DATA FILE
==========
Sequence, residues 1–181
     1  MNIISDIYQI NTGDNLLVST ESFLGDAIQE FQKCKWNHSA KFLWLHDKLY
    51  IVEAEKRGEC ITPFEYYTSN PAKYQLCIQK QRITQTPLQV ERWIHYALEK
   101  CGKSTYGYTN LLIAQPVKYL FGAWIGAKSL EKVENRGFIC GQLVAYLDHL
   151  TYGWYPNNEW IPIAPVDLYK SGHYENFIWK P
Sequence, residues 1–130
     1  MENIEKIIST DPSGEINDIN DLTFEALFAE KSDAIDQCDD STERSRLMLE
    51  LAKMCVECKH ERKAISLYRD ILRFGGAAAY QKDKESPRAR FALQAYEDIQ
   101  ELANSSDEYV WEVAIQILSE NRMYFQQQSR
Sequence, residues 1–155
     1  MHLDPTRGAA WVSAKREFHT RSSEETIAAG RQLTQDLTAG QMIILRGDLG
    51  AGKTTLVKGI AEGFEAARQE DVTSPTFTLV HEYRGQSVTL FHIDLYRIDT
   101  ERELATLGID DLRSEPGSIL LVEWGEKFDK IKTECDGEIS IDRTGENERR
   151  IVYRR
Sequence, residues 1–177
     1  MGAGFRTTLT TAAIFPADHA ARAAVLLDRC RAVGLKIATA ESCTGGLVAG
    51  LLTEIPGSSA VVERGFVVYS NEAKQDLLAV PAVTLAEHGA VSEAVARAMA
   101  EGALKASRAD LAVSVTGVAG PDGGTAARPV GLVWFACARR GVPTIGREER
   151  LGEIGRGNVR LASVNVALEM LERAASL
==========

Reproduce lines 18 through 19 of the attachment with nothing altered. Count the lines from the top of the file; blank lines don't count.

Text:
   101  EGALKASRAD LAVSVTGVAG PDGGTAARPV GLVWFACARR GVPTIGREER
   151  LGEIGRGNVR LASVNVALEM LERAASL